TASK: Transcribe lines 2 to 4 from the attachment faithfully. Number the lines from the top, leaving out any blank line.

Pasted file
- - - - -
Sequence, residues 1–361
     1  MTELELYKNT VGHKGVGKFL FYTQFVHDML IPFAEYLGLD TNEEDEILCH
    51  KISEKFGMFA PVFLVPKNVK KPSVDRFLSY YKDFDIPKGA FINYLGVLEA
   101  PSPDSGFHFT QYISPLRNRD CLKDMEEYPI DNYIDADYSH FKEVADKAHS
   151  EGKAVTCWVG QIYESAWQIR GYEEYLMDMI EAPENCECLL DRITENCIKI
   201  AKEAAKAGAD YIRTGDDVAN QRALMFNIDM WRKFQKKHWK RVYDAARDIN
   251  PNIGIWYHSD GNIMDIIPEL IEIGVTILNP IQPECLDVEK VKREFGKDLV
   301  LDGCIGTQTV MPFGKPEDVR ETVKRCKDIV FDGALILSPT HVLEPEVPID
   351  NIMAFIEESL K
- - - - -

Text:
     1  MTELELYKNT VGHKGVGKFL FYTQFVHDML IPFAEYLGLD TNEEDEILCH
    51  KISEKFGMFA PVFLVPKNVK KPSVDRFLSY YKDFDIPKGA FINYLGVLEA
   101  PSPDSGFHFT QYISPLRNRD CLKDMEEYPI DNYIDADYSH FKEVADKAHS